Strengthening your finances

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It can help to strengthen your finances in the run up to becoming a parent. This money can help to fund your monthly outgoings, contribute towards some larger purchases, or simply create an emergency fund for you to fall back on.

Dave says: “We’ve found that managing on one income is a challenge but not something that can’t be achieved. However, you need to plan well in advance and continue to keep an eye on finances once the little one has arrived. For instance, when we knew we were trying for a baby, we made a conscious decision to put more of our salaries into savings and ensured that our savings accounts were market leaders in terms of interest rates.

“We’ve always been careful with money, but ensuring that we have enough saved in the bank for emergencies and that we are careful on a day to day basis means that we can continue to live pretty much the same lifestyle as we had prior to the baby being born.”

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Cut costs

Saving money can be a struggle, particularly when regular living costs and responsibilities need to be taken into account. But as Mark and Dave prove, there are ways of reducing daily expenditure so that cash can be freed up and used to make being a stay-at-home parent a little bit easier.

Dave says: “We have rarely bought any baby-related item at full price – there are so many sales and discount codes available nowadays making it very simple to save a few quid here and there which can then go towards other things.”

When Mark became a stay-at-home dad he also realised just how important it is to tighten up your spending habits to make your money go further. He says: “Everything needed to change, such as our lifestyle, our priorities and most importantly our habits.

“We stopped doing a weekly big shop in a single supermarket, instead shopping around for the best prices. Meal plans are drawn up and we only buy exactly what we need.”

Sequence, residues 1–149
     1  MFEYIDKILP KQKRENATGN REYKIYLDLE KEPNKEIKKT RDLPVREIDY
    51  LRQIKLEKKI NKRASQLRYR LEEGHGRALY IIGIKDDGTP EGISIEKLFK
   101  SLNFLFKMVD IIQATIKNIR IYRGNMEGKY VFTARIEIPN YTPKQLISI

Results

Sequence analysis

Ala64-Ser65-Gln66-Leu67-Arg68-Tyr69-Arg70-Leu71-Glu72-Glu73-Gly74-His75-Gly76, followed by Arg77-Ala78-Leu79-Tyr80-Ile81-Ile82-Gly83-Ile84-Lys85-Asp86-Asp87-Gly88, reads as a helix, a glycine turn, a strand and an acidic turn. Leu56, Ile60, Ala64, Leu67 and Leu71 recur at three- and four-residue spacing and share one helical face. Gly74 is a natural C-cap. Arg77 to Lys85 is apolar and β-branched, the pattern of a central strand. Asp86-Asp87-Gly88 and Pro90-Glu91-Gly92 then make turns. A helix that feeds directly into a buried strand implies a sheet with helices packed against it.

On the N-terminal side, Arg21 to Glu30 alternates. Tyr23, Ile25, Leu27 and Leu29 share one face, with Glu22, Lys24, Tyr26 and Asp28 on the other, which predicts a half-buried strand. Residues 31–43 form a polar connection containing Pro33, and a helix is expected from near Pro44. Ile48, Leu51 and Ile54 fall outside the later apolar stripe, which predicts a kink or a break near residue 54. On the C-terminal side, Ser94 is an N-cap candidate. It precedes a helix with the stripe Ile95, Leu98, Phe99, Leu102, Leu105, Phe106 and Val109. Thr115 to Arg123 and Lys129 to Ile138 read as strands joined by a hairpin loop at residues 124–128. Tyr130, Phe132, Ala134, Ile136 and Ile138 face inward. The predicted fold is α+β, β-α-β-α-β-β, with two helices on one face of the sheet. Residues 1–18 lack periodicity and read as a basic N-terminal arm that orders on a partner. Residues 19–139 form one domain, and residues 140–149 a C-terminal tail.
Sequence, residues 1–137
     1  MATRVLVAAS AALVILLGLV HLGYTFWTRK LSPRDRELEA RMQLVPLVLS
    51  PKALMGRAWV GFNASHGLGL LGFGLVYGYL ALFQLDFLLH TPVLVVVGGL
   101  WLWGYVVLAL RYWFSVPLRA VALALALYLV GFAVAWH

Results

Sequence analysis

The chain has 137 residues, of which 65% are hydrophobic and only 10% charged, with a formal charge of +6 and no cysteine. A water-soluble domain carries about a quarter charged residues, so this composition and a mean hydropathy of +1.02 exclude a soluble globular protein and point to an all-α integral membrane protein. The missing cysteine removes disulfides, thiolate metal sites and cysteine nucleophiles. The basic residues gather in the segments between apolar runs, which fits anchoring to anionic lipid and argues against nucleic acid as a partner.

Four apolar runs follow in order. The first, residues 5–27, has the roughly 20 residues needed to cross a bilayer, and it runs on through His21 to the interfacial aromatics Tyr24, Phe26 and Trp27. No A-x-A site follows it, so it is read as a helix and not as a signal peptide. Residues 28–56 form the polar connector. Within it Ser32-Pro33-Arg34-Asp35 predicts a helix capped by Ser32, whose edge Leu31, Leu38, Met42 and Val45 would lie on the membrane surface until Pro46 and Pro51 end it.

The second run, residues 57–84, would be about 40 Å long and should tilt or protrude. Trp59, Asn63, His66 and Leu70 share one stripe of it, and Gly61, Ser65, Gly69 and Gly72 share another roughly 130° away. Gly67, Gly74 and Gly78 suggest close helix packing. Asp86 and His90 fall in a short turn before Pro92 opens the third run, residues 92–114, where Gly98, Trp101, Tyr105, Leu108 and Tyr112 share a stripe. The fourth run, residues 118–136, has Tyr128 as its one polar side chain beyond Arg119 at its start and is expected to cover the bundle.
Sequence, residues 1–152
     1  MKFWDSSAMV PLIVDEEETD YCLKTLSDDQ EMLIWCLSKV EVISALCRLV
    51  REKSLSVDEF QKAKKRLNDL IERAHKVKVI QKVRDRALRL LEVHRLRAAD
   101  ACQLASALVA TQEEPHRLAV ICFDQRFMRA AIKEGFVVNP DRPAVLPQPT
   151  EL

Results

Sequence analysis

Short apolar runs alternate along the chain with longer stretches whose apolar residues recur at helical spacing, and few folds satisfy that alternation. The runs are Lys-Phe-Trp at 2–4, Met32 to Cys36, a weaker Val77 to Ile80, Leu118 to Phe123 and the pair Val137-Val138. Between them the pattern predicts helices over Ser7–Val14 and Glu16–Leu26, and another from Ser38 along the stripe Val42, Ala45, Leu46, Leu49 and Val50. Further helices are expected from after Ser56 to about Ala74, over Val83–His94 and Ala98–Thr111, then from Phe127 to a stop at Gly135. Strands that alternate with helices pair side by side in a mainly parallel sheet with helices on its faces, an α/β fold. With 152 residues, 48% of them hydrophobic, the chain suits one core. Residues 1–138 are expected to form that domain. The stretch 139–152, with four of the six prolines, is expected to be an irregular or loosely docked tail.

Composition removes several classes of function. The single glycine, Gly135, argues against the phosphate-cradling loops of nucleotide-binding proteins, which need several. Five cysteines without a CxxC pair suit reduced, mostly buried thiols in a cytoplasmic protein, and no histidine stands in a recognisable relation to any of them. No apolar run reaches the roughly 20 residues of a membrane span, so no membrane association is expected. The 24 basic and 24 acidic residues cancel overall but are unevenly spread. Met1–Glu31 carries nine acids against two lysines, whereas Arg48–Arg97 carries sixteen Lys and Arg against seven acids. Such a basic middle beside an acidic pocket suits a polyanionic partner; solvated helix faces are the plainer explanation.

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Financial health check

Mark recommends regularly doing a financial health check to ensure your finances are in order and to see where improvements can be made. He says: “Prior to becoming a stay-at-home dad I'm embarrassed to admit I rarely changed utility providers or insurance companies. But now I do a financial health-check every six months. When contracts end I shop around and use comparison websites to find the best deal. Then I approach others to haggle. I was amazed at just how much you can save by doing this.”

A financial health check can make it easier for you to see where your money is being spent and enable you to find better deals. Whether you’re thinking about cutting energy costs or remortgaging your property, set some time aside to do the following:

  • Review expenditure
  • Assess investments
  • Look for a better deal and switch if necessary

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Emergency fund

Although families have to stretch their incomes further than before, only a third of households have thought about what they would do if they were to lose their income. By making regular payments into an easy access savings account you can build up an emergency fund to fall back on if necessary. Keep a look out for an account with a good interest rate, as you’ll be able to maximise your savings. Since you may need to access your money at short notice, avoid fixed rate accounts as these will lock your money away for a set period of time. However, for more long term savings, fixed rate accounts can be a great way of making your money work harder.

When deciding whether to be a stay-at-home parent or return to work, it’s important for parents to make a decision based on their own circumstances. What may be best for one family, won’t be ideal for another. While there are parents who find that staying at home to raise their children themselves is ideal, 52 per cent of parents have either had to return to work earlier than they planned following the birth of their child. Others have had to take on extra work to make ends meet. Twenty six per cent of parents had to take on a part time job, while 15 per cent had to return to work full time, even though they’d rather work less hours.

If you or your partner would like to become a stay-at-home parent, there are plenty of personal savings accounts available to help you to maximise your savings through generous interest rates. For more information, please get in touch with Aldermore Bank.